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WEDNESDAY, April 13 (HealthDay News) -- In the last 15 years, there has been a large increase in the number of non-AIDS-defining cancers among HIV-infected individuals, according to a study published online April 11 in the Journal of the National Cancer Institute.
Meredith S. Shiels, Ph.D., M.H.S., from the National Cancer Institute in Rockville, Md., and colleagues assessed the cancer burden in HIV-infected individuals with and without AIDS from 1991 to 2005. Cancer incidence rates were obtained from the HIV/AIDS Cancer Match Study and estimated counts for the U.S. HIV population from U.S Centers for Disease Control and Prevention surveillance data. AIDS-defining cancer (Kaposi sarcoma, non-Hodgkin lymphoma, and cervical cancer) counts, and non-AIDS-defining cancer counts were estimated by multiplying cancer incidence rates and AIDS population counts.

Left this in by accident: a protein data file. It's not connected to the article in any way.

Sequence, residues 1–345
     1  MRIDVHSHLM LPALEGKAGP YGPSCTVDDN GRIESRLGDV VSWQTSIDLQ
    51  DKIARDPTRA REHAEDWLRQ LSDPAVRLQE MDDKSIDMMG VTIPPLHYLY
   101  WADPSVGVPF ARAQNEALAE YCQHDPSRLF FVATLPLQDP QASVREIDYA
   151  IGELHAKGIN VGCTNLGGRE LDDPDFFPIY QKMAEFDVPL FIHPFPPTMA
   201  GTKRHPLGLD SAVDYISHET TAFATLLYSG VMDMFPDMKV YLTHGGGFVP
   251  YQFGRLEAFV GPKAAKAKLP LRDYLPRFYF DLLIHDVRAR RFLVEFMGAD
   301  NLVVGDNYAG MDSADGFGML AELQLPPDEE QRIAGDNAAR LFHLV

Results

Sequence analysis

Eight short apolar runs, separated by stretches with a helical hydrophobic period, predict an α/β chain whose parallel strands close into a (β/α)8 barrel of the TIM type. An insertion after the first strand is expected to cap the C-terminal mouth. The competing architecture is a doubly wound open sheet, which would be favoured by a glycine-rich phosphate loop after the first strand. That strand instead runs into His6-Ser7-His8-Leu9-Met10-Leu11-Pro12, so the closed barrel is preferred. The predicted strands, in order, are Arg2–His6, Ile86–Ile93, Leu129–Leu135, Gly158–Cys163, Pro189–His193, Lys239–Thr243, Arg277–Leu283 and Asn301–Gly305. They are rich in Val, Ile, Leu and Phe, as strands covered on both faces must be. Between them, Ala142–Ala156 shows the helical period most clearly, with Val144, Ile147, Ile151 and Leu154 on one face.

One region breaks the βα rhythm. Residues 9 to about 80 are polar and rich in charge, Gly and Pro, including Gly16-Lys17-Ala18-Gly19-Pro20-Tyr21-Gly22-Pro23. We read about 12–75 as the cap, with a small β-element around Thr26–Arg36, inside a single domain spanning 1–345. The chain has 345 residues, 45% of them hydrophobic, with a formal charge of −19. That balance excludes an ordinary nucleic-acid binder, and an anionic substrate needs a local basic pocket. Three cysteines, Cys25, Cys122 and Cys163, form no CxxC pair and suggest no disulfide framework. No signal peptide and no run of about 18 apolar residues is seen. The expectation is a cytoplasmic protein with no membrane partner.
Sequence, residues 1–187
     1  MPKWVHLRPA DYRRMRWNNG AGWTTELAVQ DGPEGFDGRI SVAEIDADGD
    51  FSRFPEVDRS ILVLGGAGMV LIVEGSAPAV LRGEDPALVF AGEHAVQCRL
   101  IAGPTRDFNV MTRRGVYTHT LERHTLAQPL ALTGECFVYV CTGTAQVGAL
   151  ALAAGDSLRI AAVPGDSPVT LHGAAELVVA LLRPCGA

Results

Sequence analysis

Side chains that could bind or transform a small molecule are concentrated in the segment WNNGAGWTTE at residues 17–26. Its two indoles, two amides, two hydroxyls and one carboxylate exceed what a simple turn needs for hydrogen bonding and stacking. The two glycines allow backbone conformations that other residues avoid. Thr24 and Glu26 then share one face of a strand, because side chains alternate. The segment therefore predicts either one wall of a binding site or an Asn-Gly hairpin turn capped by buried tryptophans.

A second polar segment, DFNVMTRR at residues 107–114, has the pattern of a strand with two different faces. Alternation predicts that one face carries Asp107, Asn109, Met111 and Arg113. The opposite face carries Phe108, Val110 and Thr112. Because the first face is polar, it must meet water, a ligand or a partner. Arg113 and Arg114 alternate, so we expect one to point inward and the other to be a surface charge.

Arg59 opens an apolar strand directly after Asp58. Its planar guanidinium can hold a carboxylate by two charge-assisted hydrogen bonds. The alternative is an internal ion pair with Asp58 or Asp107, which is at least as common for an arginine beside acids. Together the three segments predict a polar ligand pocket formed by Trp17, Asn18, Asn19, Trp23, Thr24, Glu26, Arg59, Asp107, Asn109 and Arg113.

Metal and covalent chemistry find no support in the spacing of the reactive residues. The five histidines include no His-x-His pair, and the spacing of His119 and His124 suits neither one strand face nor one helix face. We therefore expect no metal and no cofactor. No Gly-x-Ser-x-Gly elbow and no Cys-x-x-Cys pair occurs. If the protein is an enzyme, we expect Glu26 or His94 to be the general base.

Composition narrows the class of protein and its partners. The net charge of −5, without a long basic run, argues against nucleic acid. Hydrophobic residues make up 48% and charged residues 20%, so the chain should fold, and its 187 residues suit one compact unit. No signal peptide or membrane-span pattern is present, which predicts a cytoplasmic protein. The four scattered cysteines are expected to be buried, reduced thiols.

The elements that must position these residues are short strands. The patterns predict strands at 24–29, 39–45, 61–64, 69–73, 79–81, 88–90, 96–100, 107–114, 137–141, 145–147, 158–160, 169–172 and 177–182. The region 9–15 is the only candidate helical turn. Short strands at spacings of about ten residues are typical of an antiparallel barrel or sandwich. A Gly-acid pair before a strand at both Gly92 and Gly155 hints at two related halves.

The investigators found that the estimated number of AIDS-defining cancers in the AIDS population decreased from 34,587 in the period 1991-1995 to 10,325 in 2001-2005. In contrast, the number of non-AIDS-defining cancers increased from 3,193 in 1991-1995 to 10,059 in 2001-2005. From 1991-1995 to 2001-2005 there were increases in anal, liver, prostate, and lung cancers, and Hodgkin lymphoma.
"The burden of non-AIDS-defining cancers has grown among HIV-infected people in the United States. This steep increase has largely been driven by the growth and aging of the HIV population, and for some cancers by increasing incidence rates," the authors write.
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